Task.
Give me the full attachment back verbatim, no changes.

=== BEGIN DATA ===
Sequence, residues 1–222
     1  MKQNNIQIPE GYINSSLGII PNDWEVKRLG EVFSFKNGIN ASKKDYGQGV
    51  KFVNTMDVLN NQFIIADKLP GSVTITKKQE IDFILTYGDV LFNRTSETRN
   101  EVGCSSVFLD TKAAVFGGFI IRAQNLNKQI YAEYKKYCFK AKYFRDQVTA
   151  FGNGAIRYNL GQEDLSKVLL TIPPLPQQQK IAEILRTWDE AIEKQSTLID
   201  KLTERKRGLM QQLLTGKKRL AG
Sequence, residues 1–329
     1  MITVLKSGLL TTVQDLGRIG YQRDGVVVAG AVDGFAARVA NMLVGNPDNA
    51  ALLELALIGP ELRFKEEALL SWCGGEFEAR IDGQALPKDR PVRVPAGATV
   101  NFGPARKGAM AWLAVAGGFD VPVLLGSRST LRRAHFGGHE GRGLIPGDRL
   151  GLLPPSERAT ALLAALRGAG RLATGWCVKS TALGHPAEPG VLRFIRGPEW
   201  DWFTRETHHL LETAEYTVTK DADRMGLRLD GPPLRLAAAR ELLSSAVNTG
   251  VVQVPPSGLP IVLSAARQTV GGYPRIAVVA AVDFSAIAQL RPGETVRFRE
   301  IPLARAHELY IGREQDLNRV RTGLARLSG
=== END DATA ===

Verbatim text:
Sequence, residues 1–222
     1  MKQNNIQIPE GYINSSLGII PNDWEVKRLG EVFSFKNGIN ASKKDYGQGV
    51  KFVNTMDVLN NQFIIADKLP GSVTITKKQE IDFILTYGDV LFNRTSETRN
   101  EVGCSSVFLD TKAAVFGGFI IRAQNLNKQI YAEYKKYCFK AKYFRDQVTA
   151  FGNGAIRYNL GQEDLSKVLL TIPPLPQQQK IAEILRTWDE AIEKQSTLID
   201  KLTERKRGLM QQLLTGKKRL AG
Sequence, residues 1–329
     1  MITVLKSGLL TTVQDLGRIG YQRDGVVVAG AVDGFAARVA NMLVGNPDNA
    51  ALLELALIGP ELRFKEEALL SWCGGEFEAR IDGQALPKDR PVRVPAGATV
   101  NFGPARKGAM AWLAVAGGFD VPVLLGSRST LRRAHFGGHE GRGLIPGDRL
   151  GLLPPSERAT ALLAALRGAG RLATGWCVKS TALGHPAEPG VLRFIRGPEW
   201  DWFTRETHHL LETAEYTVTK DADRMGLRLD GPPLRLAAAR ELLSSAVNTG
   251  VVQVPPSGLP IVLSAARQTV GGYPRIAVVA AVDFSAIAQL RPGETVRFRE
   301  IPLARAHELY IGREQDLNRV RTGLARLSG